I am a big fan of regular expressions, probably partly due to my work with Perl in the past ;) I was pointed to “The Regex Coach”, which is:
“… a graphical application for Linux and Windows which can be used to experiment with (Perl-compatible) regular expressions interactively. It has the following features:
- It shows whether a regular expression matches a particular target string.
- It can also show which parts of the target string correspond to captured register groups or to arbitrary parts of the regular expression.
- It can “walk” through the target string one match at a time.
- It can simulate Perl’s split and s/// (substitution) operators.
- It tries to describe the regular expression in plain English.
- It can show a graphical representation of the regular expression’s parse tree.
- It can single-step through the matching process as performed by the regex engine.
- Everything happens in “real time”, i.e. as soon as you make a change
- somewhere in the application all other parts are instantly updated. ”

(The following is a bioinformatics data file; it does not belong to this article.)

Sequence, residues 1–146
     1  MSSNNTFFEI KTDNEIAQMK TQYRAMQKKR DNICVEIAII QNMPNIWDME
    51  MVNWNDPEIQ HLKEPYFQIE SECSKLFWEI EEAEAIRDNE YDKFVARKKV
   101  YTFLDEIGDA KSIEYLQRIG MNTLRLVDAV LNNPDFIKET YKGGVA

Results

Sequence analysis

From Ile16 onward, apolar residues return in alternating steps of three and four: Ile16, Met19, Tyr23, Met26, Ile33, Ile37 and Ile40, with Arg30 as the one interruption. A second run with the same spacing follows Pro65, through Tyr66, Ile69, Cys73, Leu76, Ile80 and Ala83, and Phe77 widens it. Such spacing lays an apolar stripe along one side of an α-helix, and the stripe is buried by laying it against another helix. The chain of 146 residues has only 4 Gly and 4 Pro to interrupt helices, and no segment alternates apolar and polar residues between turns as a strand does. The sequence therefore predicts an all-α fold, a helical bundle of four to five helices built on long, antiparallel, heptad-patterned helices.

It is one of those tools that just works, and does what it says on the can. If you get into any knarly regex, this can help you out.
Interesting Technical Info
“The Regex Coach is written in Common Lisp and was developed using the LispsWorks development environment by Xanalys. The regex engine used is CL-PPCRE.
It might be worthwhile to note that due to the dynamic nature of Lisp The Regex Coach could be written without changing a single line of code in the CL-PPCRE engine itself although the application has to track information and query the engine while the regular expressions is parsed and the scanners are built. All this could be done ‘after the fact’ by using facilities like defadvice and :around methods. Imagine writing this application in Perl without touching Perl’s regex engine… :)
Also, thanks to Lispwork’s cross-platform CAPI toolkit the code for the Windows and Linux versions is nearly identical without any platform-specific parts (except for some lines regarding different fonts and keybindings).”
Very interesting stuff. defadvice and :around… remind anyone of anything? :) (AOP isn’t a new thing!)